Minnesota GreenCorps project and new Sustainability Certificate help advance Anoka-Ramsey’s commitment to environmental sustainability

Minnesota GreenCorps project and new Sustainability Certificate help advance Anoka-Ramsey’s commitment to environmental sustainability

April 22, 2021

In Victoria Downey’s geography courses at Anoka-Ramsey Community College, she spends a large amount of time discussing the human and environmental interface and how climate change is influencing it. The more she researches and shares about climate change, the more she feels compelled to do something about it.

Anthropology instructor Lisa Becker’s curiosity around why humans do things that are detrimental to their future have also led her to more frequent conversation around climate change.

For both instructors, climate change and sustainability have become a common topic in their classes. With a commitment to educating around the topic, coupled with the clear concern and passion shown by students at the college, Downey and Becker were motivated to lead impactful sustainability efforts at the college.

Leading the way in Sustainability

At the leadership of students and faculty members Becker and Downey, Anoka-Ramsey started an official Sustainability Committee. The committee supports the college’s dedication to environmental sustainability and works to:

  • conserve natural resources through usage reduction, sustainable practices, and the purchasing of environmentally sustainable goods;
  • encourage the use of sustainable transportation to and from our commuter campus;
  • reduce waste generation through decreased consumption and increased recycling; and
  • educate our campus and surrounding communities through sustainability-focused education, modeling of best practices, and educational campaigns focused on environmental action.

Funded by the Minnesota Pollution Control Agency, the committee has been working with a Minnesota GreenCorps member to help advance the committees goals.

Brent Paulson joined the Coon Rapids Campus staff  for the 2020-21 academic year to complete a full assessment of the campus’ green house gas usage and make recommendations based on data to create an action plan to improve campus sustainability efforts.

Paulson recently graduated from the University of Wisconsin-Madison where he majored in Conservation Biology and Environmental Studies, with the intent of pursuing a career in conservation and sustainability. Given the GreenCorps’ heavy emphasis on preserving the environment (specifically through waste reduction), he knew that it would offer him experience that would be invaluable for his career interests.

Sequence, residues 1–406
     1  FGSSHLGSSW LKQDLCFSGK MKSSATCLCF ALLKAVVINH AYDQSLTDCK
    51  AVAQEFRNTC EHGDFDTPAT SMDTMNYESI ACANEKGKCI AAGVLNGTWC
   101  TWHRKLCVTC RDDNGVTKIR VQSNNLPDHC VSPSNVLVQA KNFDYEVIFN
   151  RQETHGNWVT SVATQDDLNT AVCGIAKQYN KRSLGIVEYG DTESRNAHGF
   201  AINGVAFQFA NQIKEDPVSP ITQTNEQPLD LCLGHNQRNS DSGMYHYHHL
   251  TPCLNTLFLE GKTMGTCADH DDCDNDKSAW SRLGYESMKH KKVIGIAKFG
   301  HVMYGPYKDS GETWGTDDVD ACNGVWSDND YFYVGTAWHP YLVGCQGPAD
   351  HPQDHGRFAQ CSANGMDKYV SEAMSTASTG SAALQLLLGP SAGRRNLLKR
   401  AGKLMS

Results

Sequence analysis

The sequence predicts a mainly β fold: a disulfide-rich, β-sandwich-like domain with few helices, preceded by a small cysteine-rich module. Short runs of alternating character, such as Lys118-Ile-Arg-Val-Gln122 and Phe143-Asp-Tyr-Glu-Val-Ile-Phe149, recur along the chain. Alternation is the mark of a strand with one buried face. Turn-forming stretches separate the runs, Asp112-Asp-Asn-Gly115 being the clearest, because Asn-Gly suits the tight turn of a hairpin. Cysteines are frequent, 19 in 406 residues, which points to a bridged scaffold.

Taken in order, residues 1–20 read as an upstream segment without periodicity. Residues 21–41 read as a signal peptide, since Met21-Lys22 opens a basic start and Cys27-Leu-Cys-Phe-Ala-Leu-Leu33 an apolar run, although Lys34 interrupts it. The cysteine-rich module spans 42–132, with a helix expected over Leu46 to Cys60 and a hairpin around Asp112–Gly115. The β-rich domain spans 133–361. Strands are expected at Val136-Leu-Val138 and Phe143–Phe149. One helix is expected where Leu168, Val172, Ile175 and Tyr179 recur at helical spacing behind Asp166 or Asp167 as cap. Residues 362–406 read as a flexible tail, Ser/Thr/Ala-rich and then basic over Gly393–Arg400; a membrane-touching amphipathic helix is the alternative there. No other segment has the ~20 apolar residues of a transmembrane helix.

Paulson spent the summer and fall analyzing data around energy use at the college through utility records and a commuter survey presented to faculty, staff and students.  More than 600 individuals responded to the survey.

“I was able to find a resource to calculate emissions from commuting using data in the surveys along with zip code data from 2018 – 2019 for students,” says Paulson. “We found generally that commuting made up at least 50 percent of emissions for 2018 through 2020.”

As a community college and commuter campus, the survey also revealed that more than 80 percent of faculty, staff and students drove solo to campus pre-COVID. The initial results seem a bit overwhelming, but also create a big opportunity for impact.

“The response rate to the survey was surprising,” says Downey, “It shows that people do care. People have their own agency to make changes and it seems like a challenge at first, but I’m more encouraged than anything about the opportunity to change behaviors and make an impact.”

With the full assessment set to be complete this spring, the committee is on-track to make recommendations through a carbon action plan late August.

Anoka-Ramsey has been offering an Introduction to Sustainability course since the 2020 academic year.  Through that course and goals of the committee, Downey and Becker recognized the need for more education opportunities at Anoka-Ramsey.

“The participation rate of the commuter survey helped show how forward thinking the campus and college is, says Becker, “we understand the importance of climate change.”

For the fall 2021 semester, Anoka-Ramsey will be offering a new Sustainability Certificate option for students.

As Paulson reflects on his time spent with Anoka-Ramsey and the Minnesota GreenCorps project so far, he is excited about the new options for students.

“What I hope comes from this work is normalizing sustainability practices. That’s the kind of change we need to see,” says Paulson. “Thinking and acting sustainably is a necessary part of life for us to have a planet to continue to live.”


To learn more about the Sustainability Committee and the Carbon Action Plan project visit AnokaRamsey.edu/sustainabilitycommittee.

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